nihilistic_kid has a post on writing fantasy, distinguishing it from some thing(s) he calls “fantatwee.” By this he means “second order fantasy” or fantasy which derives from other people’s fantasies. He links to a story by Theodora Goss here, and people whose opinion I take seriously have spoken of Mamatas’ post and Goss’ story with respect.
I mean no disrespect to Goss, anyway, but the story didn’t have much impact for me. This suggests I’m not the ideal reader for Goss, Clarkesworld or Mamatas, which I had already discovered, but the experience did provoke some thoughts that may be worth setting down.
To my ear and eye, Goss’ story is full of borrowed experience and imagery. It reminded me of some other fiction which uses the political upheavals of Europe as a background and a metaphor (e.g. The Unbearable Lightness of Being or the prologue to The Name of the Rose) and also of the urban fantasies of Italo Calvino (especially Invisible Cities; I’m pretty sure there’s a shout-out to Calvino in Goss’ text). None of this is necessarily a bad thing, but it does make the story feel more like the second-order work that Mamatas scorns. More problematic, but harder to express, is my reaction to the story’s style. It reads with what seems to me a somber singsong tone, affected and precious. This kept me apart from the story, muting and distorting its effect.
If twee is anything other than a term of mere abuse, it must refer to this very quality of preciousness and affectation which alienates the reader. So (for me, maybe for others) Goss’ story is as twee or twee-er than the stories Mamatas scorns–a different flavor, perhaps, a sort of sovietwee, but still twee.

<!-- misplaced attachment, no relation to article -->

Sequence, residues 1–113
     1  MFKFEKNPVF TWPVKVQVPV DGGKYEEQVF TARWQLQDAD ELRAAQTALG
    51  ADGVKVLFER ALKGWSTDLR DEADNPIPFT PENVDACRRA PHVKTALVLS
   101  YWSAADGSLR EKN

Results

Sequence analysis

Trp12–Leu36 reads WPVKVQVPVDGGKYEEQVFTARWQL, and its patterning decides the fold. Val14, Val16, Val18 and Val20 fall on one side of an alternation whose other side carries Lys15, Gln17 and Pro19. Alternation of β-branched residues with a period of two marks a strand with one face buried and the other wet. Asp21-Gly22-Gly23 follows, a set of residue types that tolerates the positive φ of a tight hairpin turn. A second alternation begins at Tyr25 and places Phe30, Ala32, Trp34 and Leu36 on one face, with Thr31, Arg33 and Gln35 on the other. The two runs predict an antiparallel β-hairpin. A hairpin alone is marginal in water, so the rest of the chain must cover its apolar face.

Any story is a set of symbols which invites the reader’s emotional participation, and no set of symbols (and hence no story) will appeal to every reader. If the cry of “twee!” represents a reader’s rejection of a story’s invitation, the reader shares some of the responsibility for the tweeness–it’s an event, a reaction in the reader’s awareness, after all.
So I’m starting to think that terms like “second order fantasy” are (or can be) an evasion of the reader’s responsibility to make his or her case for or against a story. Every story contains elements that are first-order (“I saw this myself”) and second-order (“I read/heard about this somewhere”). A reader who honestly confronts the elements in a story he/she finds alienating may learn useful things about the story and him/her self. I’m not suggesting that every story, even every good story, is always worth this kind of effort. (“Had we world enough and time” etc.) But it may sometimes prove a useful exercise.